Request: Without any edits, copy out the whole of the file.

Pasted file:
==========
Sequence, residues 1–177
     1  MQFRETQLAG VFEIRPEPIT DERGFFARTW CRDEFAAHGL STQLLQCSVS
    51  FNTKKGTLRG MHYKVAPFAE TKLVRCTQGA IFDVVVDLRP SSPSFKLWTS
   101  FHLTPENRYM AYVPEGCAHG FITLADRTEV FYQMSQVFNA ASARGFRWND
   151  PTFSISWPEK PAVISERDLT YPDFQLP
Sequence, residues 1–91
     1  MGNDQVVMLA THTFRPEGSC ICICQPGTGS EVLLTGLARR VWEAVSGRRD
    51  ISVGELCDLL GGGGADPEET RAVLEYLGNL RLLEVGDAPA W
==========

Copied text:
Sequence, residues 1–177
     1  MQFRETQLAG VFEIRPEPIT DERGFFARTW CRDEFAAHGL STQLLQCSVS
    51  FNTKKGTLRG MHYKVAPFAE TKLVRCTQGA IFDVVVDLRP SSPSFKLWTS
   101  FHLTPENRYM AYVPEGCAHG FITLADRTEV FYQMSQVFNA ASARGFRWND
   151  PTFSISWPEK PAVISERDLT YPDFQLP
Sequence, residues 1–91
     1  MGNDQVVMLA THTFRPEGSC ICICQPGTGS EVLLTGLARR VWEAVSGRRD
    51  ISVGELCDLL GGGGADPEET RAVLEYLGNL RLLEVGDAPA W